Why Patriots reportedly are out on Lamar Jackson sweepstakes


Despite Meek Mill's best efforts, it sounds like Lamar Jackson isn't coming to New England this offseason.

The Patriots "are not expected to pursue signing or trading for" the Baltimore Ravens quarterback, the Boston Sports Journal's Greg Bedard reported Tuesday, citing three league sources "close to the situation." The Athletic's Jeff Howe also cited a league source Wednesday who insisted New England landing Jackson is "just not going to happen."

The Ravens placed the non-exclusive franchise tag on Jackson this offseason, meaning a team would have to give up two first-round picks if it signs the dynamic QB away from Baltimore. Teams also could try to acquire Jackson via trade after he requested a trade earlier this month.

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Many thought the Patriots could be one of those teams, especially after team owner Robert Kraft said this week that rapper Meek Mill texted him saying Jackson wanted to come to New England. Several former Patriots -- most recently Devin McCourty -- also have publicly implored the team to make a run at the 2019 NFL MVP.

But it appears New England wants to give third-year quarterback Mac Jones another opportunity to prove his worth after floundering under first-time offensive play-caller Matt Patricia in 2022.

With veteran offensive coordinator Bill O'Brien calling the shots in 2023, "the belief internally is that Jones will rise to the occasion this year," Bedard reported. The Patriots are "actively trying to add more weapons around Jones" this offseason, per Bedard, and are focused on "build(ing) up the talent around Jones, similar to what the Eagles and Dolphins did with their young QBs on rookie contracts."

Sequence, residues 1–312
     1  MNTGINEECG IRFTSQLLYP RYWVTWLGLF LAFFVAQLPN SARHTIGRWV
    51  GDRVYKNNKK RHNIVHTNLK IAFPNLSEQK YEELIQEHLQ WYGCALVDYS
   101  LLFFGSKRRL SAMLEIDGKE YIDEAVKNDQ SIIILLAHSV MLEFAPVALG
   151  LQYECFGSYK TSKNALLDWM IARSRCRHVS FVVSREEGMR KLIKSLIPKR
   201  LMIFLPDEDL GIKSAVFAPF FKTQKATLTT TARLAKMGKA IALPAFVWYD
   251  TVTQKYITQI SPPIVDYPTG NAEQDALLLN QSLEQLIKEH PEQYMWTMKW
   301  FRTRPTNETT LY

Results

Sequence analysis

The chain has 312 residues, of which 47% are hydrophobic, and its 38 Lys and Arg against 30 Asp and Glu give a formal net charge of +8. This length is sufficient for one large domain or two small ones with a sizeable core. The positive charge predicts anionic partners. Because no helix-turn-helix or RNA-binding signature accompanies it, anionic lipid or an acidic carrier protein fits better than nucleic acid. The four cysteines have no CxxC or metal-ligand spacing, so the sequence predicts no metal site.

"Kraft is involved in that effort and is fully behind that direction," Bedard reported.

Building around Jones is the more financially viable option; the 2021 first-round pick carries just a $ 4.25 million cap hit this season compared to Jackson's $ 32.4 million salary. New England already has added wide receiver JuJu Smith-Schuster, tight end Mike Gesicki and running back James Robinson in free agency, and passing on Jackson could allow the team to acquire either DeAndre Hopkins or Jerry Jeudy via trade. (Bedard reports the Patriots are still involved in talks around both wide receivers.)

This strategy puts plenty of pressure on Jones to deliver, however. The Patriots ranked 26th in offensive yards per game last season, so even with a more experienced offensive coordinator and better offensive weapons, Jones will need to prove he's more the promising field general who led New England to the playoffs as a rookie than the erratic, often temperamental QB we saw last season.

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